Famed chef, restaurateur and founder of the Roux Scholarship Albert Roux died on Monday 4th January following a lengthy illness, his family has confirmed in a statement. He was 85 years old.
Roux was the founder of Britain’s first Michelin-starred restaurant, Le Gavroche, and some of the country’s best known chefs worked in its kitchen, including Marco Pierre White and Gordon Ramsay.
The statement reads: “The Roux family has announced the sad passing of Albert Roux, OBE, KFO, who had been unwell for a while, at the age 85 on 4th January 2021.
“Albert is credited, along with his late brother Michel Roux, with starting London’s culinary revolution with the opening of Le Gavroche in 1967.”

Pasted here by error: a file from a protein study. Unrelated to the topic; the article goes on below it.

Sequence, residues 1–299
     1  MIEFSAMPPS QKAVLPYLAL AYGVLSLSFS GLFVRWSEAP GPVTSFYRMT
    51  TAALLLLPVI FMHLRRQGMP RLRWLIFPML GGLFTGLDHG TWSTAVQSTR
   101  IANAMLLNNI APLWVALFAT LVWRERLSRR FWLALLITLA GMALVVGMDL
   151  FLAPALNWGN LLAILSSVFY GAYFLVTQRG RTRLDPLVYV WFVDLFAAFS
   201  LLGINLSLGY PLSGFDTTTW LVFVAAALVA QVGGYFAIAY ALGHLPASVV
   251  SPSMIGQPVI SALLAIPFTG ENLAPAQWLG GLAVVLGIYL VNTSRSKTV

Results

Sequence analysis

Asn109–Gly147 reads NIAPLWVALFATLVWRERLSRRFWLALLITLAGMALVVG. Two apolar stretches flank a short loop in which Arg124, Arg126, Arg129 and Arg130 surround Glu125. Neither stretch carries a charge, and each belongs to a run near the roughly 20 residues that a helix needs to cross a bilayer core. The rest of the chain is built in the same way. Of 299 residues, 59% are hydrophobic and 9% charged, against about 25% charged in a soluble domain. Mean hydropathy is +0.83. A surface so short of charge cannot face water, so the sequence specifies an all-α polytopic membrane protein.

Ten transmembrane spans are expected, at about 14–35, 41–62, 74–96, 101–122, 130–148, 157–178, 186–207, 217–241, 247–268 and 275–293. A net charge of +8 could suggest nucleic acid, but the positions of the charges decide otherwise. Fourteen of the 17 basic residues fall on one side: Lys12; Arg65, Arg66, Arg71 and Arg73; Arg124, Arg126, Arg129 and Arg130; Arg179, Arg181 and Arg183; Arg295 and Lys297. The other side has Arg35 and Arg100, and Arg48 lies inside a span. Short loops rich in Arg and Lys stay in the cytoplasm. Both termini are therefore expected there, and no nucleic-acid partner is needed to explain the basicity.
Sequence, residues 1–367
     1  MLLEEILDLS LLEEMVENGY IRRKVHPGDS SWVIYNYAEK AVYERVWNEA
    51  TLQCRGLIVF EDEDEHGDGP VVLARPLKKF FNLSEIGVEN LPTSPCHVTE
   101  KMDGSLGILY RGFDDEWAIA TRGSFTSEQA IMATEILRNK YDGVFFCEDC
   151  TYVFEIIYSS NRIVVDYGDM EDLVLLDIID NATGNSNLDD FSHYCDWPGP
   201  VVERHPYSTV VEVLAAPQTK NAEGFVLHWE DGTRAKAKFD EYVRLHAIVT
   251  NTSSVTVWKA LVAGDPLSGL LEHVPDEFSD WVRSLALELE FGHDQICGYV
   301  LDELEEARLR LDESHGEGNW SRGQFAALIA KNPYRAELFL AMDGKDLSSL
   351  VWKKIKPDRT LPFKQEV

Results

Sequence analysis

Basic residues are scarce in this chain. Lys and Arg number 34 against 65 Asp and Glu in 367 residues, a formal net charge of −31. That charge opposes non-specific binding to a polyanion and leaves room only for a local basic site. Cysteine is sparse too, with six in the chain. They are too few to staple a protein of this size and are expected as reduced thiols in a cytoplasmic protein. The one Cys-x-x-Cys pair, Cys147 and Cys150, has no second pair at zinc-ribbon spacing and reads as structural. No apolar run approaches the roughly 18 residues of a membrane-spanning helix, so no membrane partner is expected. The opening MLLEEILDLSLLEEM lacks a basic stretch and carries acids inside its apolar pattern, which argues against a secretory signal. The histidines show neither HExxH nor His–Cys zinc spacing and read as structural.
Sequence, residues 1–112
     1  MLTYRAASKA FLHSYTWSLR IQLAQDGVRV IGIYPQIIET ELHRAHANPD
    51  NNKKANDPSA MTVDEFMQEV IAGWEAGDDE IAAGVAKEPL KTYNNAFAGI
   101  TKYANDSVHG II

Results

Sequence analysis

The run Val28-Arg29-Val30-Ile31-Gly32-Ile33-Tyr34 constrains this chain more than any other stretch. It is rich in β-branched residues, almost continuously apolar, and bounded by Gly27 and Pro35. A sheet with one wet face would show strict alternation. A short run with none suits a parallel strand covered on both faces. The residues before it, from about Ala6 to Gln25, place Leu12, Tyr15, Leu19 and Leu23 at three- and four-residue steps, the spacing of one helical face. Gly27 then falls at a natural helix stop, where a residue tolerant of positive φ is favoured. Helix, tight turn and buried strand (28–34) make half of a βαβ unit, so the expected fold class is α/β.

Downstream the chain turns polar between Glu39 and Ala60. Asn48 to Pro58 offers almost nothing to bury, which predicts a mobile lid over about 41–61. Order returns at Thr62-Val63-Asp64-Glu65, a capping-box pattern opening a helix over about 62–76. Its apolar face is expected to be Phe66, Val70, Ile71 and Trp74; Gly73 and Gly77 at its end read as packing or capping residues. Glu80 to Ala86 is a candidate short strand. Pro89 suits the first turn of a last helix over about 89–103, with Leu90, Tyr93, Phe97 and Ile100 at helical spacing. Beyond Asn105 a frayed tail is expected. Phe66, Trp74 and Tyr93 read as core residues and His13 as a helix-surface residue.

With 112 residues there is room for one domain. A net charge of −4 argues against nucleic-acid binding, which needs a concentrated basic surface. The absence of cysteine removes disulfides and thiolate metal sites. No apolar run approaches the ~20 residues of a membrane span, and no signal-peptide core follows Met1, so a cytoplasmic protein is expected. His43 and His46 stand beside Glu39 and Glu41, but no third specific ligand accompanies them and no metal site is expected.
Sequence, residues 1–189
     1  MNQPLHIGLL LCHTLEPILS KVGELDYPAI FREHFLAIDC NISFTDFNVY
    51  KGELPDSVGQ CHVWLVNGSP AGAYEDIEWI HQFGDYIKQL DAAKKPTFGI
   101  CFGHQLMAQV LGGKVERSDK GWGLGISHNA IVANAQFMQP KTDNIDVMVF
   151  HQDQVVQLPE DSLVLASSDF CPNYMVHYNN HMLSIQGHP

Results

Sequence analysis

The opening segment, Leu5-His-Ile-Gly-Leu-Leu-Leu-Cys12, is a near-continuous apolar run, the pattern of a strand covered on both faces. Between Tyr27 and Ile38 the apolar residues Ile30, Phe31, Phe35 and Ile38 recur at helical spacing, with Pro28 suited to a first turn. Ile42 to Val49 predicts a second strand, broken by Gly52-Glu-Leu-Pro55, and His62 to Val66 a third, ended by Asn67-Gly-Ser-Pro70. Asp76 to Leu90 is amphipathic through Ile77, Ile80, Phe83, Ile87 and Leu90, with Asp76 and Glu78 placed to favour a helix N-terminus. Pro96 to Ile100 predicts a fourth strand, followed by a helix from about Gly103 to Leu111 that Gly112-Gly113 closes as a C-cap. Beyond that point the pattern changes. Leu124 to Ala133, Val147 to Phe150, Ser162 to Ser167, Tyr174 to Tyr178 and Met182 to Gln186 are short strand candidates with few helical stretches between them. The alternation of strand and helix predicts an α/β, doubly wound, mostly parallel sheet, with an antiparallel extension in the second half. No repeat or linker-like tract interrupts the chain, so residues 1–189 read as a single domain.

Albert Roux was born in the region of Saone et Loire in France in 1935 and moved to the UK at the age of 18 and worked his way up the culinary ladder, working in high end restaurants as well as a stint in the French Embassy. He was called on for military service in Algeria, after which he took up a post as sous chef at the British Embassy in Paris. He opened Le Gavroche with his brother in Chelsea, London, which was later awarded three Michelin stars.
The brothers went on to open a number of other restaurant ventures, including the Waterside Inn, which has held three Michelin stars since 1985. Together they also published several culinary books.
“He was a mentor for so many people in the hospitality industry, and a real inspiration to budding chefs, including me,” said Roux’s son, chef and TV personality Michel Roux Jr.